House Call with Carol Hughes

Canada Day is special no matter the circumstances

It’s sure to be a Canada Day like no other this year. With limitations on gatherings as a back drop, we won’t be able to come together in the usual fashion. Many mainstays of community celebrations such as parades, concerts, barbecues and public firework shows will give way to more informal and much smaller celebrations. With fewer options available, the differences will be stark, but Canadians will find numerous ways to mark the day and make it memorable.

While some things seem to be the same forever, change is the real constant. Canada is no different and the nation we celebrate is very different than the one that people cheered for on the first Canada Day in 1982. That’s the year that Dominion Day was re-branded to match our updated circumstances and status. In the hundred plus years that Dominion Day was marked, Canada had changed significantly. In 1982, having just repatriated our constitution a few months earlier, replacing Dominion Day made sense.

Since then, the grand celebrations on Parliament Hill have grown to become an institution in their own right. The big stage is used to show-case talent from across the country and there are numerous greetings from Canadian luminaries throughout the day. The crescendo comes with a fireworks display that has few rivals. The event is carried live on television and radio and connects us across the country. This year’s broadcast will take place in two stages culminating in a virtual firework display. While these might not match the excitement and sensory grandness of a live concert or firework display, we can enjoy them knowing that we are making the best of a difficult situation.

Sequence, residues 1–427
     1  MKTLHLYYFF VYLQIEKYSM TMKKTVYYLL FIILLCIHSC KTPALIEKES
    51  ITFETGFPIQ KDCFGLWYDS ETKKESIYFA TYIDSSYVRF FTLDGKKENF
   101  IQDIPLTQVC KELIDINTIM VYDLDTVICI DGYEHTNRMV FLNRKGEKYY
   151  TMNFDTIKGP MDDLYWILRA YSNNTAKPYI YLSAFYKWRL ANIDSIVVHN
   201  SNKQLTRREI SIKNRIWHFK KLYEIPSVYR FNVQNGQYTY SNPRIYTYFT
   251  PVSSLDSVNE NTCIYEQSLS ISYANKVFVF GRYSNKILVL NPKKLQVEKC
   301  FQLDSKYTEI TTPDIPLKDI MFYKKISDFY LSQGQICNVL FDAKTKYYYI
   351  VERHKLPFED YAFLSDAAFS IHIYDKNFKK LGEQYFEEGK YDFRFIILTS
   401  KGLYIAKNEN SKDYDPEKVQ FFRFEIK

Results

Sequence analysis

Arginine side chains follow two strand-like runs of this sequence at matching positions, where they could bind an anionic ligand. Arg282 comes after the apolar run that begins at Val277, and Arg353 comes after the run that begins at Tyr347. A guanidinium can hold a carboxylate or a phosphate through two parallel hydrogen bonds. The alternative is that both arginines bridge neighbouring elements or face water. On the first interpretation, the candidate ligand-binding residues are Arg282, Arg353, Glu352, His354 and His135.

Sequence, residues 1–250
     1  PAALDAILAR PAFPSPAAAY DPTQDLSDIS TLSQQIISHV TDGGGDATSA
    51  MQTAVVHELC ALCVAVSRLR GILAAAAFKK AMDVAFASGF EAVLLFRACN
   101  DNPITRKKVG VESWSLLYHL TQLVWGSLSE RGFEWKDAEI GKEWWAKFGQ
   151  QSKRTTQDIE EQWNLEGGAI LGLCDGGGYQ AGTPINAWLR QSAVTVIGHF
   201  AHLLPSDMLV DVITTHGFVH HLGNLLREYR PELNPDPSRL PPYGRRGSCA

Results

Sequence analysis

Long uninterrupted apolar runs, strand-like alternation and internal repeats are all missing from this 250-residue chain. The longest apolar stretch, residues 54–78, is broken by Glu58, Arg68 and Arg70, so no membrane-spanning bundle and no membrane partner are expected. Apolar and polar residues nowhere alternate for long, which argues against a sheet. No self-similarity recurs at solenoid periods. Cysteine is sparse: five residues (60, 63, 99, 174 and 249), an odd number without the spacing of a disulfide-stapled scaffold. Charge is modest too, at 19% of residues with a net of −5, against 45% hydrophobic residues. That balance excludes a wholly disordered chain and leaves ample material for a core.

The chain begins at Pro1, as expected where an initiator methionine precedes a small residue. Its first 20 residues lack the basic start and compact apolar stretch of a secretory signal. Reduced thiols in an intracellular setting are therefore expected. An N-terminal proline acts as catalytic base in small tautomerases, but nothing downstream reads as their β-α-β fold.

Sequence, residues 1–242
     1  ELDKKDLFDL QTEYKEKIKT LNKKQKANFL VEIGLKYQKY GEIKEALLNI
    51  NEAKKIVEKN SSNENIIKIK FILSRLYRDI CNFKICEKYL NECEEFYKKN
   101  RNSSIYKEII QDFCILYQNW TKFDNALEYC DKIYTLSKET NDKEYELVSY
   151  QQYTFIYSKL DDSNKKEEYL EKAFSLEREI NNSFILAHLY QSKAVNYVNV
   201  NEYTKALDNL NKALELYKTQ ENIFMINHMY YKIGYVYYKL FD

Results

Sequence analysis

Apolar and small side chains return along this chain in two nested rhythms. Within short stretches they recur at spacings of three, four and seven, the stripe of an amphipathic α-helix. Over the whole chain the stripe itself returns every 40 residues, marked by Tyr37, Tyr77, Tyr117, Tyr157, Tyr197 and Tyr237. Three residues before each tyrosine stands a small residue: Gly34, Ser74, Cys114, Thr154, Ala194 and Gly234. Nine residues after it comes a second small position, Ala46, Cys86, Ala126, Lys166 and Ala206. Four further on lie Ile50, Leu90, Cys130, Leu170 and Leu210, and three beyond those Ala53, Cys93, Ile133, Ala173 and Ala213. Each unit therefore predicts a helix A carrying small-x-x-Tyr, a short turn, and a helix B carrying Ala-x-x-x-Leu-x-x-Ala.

Locally, we can anticipate a lot of activity at the street level as barbecues and family gatherings take over. The rush to get somewhere will be removed, replaced by the ability to enjoy the day at a leisurely pace. In some ways, it will match the circumstances perfectly.

Among the many benefits of our efforts to limit the effects of the pandemic is a pace of living which many had pined for, some without even recognizing it. In these slower times it is easier to reflect and enjoy simpler, but potentially more rewarding things. The resurgence in baking and knitting are great examples. While both activities had been regaining popularity for years, the pandemic has been like rocket fuel for that phenomenon. Similarly, we’ve never seen so many immaculate yards as homes become bustling zones of activity. The old refrain of, ‘if I had more time’ has been put aside for the short term. Many are considering how much of the hustle and bustle they care to return to as a by-product of that.

Before the pandemic we were living in a world of instant gratification but turning a blind eye to the worst consequences of that behaviour. We had increasingly ceded environmental and societal protections for economic growth with many negative outcomes. With any luck, we will recognize and mitigate some of these consequences as we reopen and reinvent ourselves.

That is one of the good things Canada Day. It allows us to take stock and consider where we are going along with where we are and how we got here. Having reached a defining point in history, not just for Canada, but the entire world, we can use this opportunity to look into the future a little more critically to ensure the country we build coming out of the pandemic meets our needs in a  way that makes sense for more people. The confluence of the pandemic and calls for racial justice offer an immediate focus point and we would be well served to consider how much further we are willing to push the limits of what nature will tolerate as well. These are the conversations I hope will be taking place across this country on July 1 and into the foreseeable future.

Happy Canada Day!